A short film reimagining Ugandan handmade objects and textile in a fictional post-climatic change world.

Mikono— meaning hands in Bantu languages native to Uganda— establishes the handmade as an essential part of technological development alongside indigenous craftsmanship and thought processes.

Taking akeibo (basket), enkyanzi (milk cup), olubugo (barkcloth), typical handmade Ugandan household objects and prefiguring their functions into clothing that transforms into architecture capable of shielding the wearer through harsh environments.

The earth as a result of climate change is split into two spaces; the ecosphere and the exosphere. The ecosphere is green lush and all life forms live in a balanced existence while the exosphere is barren and uninhabitable.

The Mikono suit that is handcrafted by the master maker in effect, becomes a character absolutely essential for survival in the exosphere. It’s mystical and material qualities allow transformation from suit of armour to cloak of shelter capable of traversing the harshness of the exosphere.






‘Constructed within three acts; creation, spirit and imagination, Mikono places African hand making as a central element in the reformation of the earth in a post-climatic change world. It challenges the typical artificial intelligence and machine led technological depictions of the future. Adopting imaginative design, design futuring, and heritage design as key elements in interrogating the anthropocene, the work envisages a world where balance is restored and all life forms human and non-human coexist at the highest level of cooperation.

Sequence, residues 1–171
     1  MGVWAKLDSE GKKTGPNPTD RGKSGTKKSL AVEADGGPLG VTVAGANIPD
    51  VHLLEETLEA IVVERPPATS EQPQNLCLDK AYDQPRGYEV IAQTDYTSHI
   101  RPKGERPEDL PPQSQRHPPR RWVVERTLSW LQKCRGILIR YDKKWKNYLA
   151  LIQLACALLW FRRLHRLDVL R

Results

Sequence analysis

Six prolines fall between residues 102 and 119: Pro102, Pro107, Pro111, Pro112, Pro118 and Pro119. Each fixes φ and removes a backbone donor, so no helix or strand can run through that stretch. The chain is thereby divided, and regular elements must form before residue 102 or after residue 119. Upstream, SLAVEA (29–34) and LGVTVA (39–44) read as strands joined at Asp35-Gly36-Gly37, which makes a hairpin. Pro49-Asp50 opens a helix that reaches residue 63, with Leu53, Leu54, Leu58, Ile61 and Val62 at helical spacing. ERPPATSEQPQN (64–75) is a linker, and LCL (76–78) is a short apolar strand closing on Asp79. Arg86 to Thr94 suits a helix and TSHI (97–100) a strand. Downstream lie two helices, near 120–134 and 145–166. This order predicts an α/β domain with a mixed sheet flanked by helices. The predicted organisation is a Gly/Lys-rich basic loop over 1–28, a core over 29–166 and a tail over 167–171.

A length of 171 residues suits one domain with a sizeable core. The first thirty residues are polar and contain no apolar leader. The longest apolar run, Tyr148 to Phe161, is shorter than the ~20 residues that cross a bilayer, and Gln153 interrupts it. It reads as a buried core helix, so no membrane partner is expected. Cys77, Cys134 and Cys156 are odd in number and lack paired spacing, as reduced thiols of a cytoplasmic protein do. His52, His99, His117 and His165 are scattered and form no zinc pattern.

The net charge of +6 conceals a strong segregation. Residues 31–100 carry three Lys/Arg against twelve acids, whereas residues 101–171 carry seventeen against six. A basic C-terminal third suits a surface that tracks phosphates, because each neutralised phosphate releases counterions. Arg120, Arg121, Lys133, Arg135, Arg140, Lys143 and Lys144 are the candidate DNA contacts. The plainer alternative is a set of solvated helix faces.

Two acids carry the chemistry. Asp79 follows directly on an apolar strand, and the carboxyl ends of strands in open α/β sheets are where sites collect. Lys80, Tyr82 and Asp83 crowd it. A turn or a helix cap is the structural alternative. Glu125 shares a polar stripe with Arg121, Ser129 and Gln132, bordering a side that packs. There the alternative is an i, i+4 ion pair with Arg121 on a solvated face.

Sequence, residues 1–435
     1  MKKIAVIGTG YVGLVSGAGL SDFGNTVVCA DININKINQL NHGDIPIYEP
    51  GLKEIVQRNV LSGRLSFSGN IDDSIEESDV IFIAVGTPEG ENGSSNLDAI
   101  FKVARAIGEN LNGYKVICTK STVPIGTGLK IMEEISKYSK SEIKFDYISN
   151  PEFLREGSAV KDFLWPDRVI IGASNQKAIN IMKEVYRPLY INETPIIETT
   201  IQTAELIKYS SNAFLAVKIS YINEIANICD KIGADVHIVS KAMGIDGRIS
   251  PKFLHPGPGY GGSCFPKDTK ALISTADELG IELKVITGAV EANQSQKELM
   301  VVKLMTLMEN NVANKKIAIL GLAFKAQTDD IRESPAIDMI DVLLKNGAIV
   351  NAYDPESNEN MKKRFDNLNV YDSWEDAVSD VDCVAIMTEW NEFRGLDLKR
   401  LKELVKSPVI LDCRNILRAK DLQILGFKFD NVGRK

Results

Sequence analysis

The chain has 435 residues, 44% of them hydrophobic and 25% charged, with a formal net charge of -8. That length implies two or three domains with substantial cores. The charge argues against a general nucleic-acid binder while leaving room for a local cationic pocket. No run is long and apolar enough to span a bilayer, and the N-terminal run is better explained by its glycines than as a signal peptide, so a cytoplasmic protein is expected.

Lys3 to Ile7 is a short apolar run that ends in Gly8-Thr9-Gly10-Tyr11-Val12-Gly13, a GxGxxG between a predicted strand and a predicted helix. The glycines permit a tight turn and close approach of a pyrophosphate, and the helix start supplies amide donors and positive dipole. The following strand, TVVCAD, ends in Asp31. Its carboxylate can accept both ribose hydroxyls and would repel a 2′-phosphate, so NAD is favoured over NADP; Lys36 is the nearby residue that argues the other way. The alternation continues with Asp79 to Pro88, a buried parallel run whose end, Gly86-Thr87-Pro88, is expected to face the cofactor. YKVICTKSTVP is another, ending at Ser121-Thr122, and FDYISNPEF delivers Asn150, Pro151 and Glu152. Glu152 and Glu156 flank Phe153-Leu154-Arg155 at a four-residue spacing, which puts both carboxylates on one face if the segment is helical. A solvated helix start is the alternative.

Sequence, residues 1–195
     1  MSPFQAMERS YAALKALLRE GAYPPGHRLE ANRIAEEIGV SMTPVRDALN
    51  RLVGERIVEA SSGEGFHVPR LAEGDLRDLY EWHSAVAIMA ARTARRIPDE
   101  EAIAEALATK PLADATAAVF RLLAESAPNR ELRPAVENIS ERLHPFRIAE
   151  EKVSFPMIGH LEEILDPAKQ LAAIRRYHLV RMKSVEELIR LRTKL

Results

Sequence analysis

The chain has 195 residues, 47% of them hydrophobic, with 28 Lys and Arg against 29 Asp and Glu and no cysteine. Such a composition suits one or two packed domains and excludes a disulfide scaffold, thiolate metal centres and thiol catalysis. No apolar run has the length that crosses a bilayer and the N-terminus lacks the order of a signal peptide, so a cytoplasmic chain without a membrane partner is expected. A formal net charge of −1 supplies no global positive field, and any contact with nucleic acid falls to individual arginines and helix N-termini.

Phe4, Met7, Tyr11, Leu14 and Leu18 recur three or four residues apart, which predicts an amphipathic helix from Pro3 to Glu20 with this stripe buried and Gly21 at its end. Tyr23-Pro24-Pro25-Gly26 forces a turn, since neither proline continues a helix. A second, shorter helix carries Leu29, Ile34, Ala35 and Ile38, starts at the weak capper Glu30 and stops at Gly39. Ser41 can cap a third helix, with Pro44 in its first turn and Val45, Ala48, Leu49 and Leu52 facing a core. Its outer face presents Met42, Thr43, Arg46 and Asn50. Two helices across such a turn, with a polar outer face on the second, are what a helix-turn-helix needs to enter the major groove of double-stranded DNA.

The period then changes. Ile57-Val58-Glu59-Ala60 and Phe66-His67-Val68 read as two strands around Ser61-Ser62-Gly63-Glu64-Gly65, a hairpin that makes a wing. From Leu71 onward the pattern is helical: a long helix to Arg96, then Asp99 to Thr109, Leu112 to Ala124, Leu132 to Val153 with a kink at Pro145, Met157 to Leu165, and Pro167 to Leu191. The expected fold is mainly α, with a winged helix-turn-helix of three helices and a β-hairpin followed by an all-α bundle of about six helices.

Utilising distinctive skills in the design of a capsule collection, the handmade textile of the Baganda of Uganda; bark cloth is reimagined. Including objects of cultural and practical significance, predominantly from western region of Ankole in Uganda. Explorations in pattern, transformative garments for protection and shelter are materialised.

Mikono, the collection; consisting of 3 layers of folded textiles is brought to life through the artifice of film titled; Mikono; Spirit of Making. It explores the idea of transforming garments for shelter. The design of which portrays these garments as a secondary exo-skin critical in traversing the conditions in the fictional spaces created.

Mikono challenges common assumptions about progress, growth and globalization. Using film making as a tool in telling an alternative story to imagine how we might develop a more meaningful and resilient rendition of contemporary material culture. One that is regenerative, adaptable and optimises local resources.


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